Wolves Change Rivers

December 30th, 2014 Posted in animals, water | 10 Comments » Make sure you like EcoJoes on Facebook to stay updated on green ways to save money and help the environment. Just click the "like" button below. Muchas gracias!

You always hear that every living thing affects its ecosystem, so it’s hard to predict what the absence of a species might mean for a given environment.

Here’s a good video illustrating this concept perfectly, by showing how wolves change rivers. Well worth the 4 minutes to watch.


If you have any stories of how the presence of a species (or lack thereof) caused an interesting effect on its eco-system, por favor share it with me.

Help Clean up a River Near You

October 3rd, 2014 Posted in cleaning, water | No Comments » Make sure you like EcoJoes on Facebook to stay updated on green ways to save money and help the environment. Just click the "like" button below. Muchas gracias!

River cleanup raft

Photo from americanrivers.org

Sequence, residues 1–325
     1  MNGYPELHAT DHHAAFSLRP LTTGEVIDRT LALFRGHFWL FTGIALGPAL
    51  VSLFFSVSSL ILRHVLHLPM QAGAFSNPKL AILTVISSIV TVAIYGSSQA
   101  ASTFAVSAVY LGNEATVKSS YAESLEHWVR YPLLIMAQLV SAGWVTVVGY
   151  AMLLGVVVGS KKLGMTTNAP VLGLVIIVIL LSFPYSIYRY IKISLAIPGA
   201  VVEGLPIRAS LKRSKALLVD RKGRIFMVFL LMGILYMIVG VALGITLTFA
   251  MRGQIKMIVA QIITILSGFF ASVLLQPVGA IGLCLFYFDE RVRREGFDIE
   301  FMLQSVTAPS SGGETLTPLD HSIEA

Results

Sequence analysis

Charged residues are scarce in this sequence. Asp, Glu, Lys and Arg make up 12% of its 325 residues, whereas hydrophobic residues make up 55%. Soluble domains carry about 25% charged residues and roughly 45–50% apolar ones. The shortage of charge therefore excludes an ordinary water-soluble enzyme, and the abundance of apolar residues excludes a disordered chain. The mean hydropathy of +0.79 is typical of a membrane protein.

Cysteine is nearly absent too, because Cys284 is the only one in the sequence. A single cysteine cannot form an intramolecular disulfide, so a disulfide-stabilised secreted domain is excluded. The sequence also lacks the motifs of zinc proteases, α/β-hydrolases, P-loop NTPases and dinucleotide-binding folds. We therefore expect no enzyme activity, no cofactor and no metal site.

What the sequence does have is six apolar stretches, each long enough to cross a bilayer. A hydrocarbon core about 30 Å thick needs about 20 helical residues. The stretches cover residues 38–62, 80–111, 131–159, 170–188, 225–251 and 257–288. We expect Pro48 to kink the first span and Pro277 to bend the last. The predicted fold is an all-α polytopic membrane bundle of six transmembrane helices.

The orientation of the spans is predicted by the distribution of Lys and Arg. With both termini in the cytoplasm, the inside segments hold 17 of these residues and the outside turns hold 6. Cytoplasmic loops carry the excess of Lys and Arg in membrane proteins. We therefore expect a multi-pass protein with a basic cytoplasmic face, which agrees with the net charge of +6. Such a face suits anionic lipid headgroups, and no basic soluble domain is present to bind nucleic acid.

How many of you live near a trashy river or stream, and have noticed piles o’ junk in it, or other such debris on its banks? It’s enough to make an eco-heart weep.

Now imagine if that stream was clean and pristine; no litter, lil’ fishies swimming around in it, birds a-livin’ next to it, no Indians crying, raccoons READ MORE »

How to make a homemade hydroelectric power plant!

August 3rd, 2014 Posted in construction, eco hero, electric, green living, off the grid, water | 2 Comments » Make sure you like EcoJoes on Facebook to stay updated on green ways to save money and help the environment. Just click the "like" button below. Muchas gracias!


Ho-ly mo-ly. Manfred Mornhinweg, de la República de Chile, is now an official eco-hero, joining the proud ranks of such luminaries as Amory Lovins (and almost Michael Jackson).

Not only did Manfred freaking build his own homemade mini-hydroeletric power plant, but he documented the entire process with pictures and step-by-step instructions!

With the help of some of his friends and neighbors, and a whole lot of gumption, he dug a side-channel off a creek to divert some water for his lil’ hydroelectric plant.

Digging hydroelectric channel

He ordered the hydroelectric turbine from the glorious People’s Republic o’ China:
Hydroelectric turbine

And eventually was able to READ MORE »

Keep Deer Away from your Garden with a Scarecrow Sprinkler